The images were captured on Nov. 20, 2016 by the High Resolution Imaging Science Experiment (HiRISE) camera on NASA’s Mars Reconnaissance Orbiter. At the time, Mars was about 127 million miles from Earth.
Both images were processed separately and then combined due to the difference in the brightness of both bodies. “The moon is much darker than Earth and would barely be visible at the same brightness scale as Earth,” NASA said.
The image still reflects the correct size and positions of both bodies.
- Here's Where All The Strongest Hurricanes Have Hit the U.S. in the Past 50 Years
- 2022 Time100 NEXT: TIME’s List Of Emerging Leaders Who Are Shaping the Future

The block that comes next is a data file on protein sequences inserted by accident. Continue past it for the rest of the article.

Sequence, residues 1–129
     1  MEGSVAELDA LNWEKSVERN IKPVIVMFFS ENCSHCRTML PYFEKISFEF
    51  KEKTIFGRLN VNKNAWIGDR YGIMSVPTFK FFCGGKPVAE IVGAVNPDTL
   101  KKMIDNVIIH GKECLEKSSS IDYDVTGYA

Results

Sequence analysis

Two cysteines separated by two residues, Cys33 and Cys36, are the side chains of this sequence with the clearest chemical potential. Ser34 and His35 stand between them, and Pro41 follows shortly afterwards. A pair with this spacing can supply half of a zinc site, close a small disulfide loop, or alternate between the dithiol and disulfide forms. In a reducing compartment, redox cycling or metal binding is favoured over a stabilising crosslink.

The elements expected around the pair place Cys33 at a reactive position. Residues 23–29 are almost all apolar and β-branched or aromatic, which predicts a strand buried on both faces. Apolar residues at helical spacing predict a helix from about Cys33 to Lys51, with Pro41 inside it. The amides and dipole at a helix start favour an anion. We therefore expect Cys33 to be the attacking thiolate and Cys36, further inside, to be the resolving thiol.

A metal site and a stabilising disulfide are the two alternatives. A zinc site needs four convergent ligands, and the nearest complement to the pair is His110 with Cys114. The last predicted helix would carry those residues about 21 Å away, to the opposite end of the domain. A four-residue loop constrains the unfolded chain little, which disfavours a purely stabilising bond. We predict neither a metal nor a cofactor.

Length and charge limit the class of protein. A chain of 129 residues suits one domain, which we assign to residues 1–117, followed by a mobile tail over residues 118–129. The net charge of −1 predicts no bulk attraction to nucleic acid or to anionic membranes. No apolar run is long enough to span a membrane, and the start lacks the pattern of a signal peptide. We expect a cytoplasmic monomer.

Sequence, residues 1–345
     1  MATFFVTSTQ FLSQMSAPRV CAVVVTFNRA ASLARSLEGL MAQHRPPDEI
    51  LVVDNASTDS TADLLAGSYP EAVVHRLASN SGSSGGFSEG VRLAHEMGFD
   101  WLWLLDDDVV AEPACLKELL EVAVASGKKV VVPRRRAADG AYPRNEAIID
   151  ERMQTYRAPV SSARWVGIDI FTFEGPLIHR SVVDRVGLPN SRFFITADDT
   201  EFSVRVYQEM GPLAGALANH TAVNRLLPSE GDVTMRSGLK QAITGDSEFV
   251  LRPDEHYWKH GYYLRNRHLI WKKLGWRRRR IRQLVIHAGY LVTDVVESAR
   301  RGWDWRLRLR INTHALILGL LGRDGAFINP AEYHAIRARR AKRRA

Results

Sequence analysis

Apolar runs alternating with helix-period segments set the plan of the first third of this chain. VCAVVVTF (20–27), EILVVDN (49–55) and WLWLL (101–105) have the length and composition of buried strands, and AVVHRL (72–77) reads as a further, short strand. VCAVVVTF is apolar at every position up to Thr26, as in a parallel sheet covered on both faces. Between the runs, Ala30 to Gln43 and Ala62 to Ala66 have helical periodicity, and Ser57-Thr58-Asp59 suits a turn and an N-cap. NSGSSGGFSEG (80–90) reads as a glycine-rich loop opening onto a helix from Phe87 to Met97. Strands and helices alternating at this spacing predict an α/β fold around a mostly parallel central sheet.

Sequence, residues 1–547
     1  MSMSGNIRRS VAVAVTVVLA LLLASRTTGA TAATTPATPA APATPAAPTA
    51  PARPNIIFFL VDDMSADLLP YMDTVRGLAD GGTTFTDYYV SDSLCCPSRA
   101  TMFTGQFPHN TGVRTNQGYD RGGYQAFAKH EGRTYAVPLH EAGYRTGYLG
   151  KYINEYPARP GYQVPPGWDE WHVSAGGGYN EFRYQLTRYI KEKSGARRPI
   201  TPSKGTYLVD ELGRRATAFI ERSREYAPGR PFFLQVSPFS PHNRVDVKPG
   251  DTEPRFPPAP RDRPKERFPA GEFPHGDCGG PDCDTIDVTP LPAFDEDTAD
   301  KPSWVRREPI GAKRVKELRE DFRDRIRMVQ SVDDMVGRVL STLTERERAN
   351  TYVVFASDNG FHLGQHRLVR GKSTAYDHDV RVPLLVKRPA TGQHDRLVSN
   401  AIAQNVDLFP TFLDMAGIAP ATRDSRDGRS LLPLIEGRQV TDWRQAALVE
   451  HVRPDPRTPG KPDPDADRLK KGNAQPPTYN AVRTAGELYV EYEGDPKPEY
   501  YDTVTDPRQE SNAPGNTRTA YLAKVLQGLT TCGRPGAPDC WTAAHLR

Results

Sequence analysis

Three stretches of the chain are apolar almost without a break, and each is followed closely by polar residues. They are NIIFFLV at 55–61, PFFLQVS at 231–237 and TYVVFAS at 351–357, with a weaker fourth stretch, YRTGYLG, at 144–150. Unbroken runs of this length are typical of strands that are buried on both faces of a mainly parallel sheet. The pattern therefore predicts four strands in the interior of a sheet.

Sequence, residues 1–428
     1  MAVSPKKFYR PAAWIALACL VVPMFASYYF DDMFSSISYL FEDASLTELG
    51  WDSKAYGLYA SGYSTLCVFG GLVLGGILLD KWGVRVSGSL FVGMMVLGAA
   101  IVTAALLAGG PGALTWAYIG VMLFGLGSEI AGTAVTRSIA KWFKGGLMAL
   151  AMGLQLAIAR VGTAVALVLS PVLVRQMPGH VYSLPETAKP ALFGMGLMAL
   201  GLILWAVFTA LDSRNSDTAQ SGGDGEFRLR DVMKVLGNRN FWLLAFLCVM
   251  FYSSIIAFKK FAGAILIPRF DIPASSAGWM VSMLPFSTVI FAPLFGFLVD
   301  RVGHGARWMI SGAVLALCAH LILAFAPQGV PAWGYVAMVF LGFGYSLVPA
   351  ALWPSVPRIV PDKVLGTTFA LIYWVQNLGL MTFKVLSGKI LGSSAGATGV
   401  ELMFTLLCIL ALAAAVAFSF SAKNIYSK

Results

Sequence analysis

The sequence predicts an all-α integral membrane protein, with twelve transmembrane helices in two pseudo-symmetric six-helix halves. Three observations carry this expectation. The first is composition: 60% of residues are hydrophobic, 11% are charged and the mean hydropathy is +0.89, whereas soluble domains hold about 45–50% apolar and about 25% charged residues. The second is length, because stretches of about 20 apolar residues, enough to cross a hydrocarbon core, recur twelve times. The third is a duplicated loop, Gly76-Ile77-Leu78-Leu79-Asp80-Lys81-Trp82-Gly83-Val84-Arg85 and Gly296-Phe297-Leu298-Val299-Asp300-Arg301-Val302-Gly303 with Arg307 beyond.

- Industrial Farming Causes Climate Change. The ‘Slow Food’ Movement Wants to Stop It
- Here Are the 12 New Books You Should Read in October
- Artist Oliver Jeffers Wants to Paint the World Out of a Corner
- A Vibrant North Korean Community in London Finds Its Days Are Numbered
- COVID-19 Vaccines Can Make Periods Longer, Study Says
- Column: What Happened When My Entire Family Came Out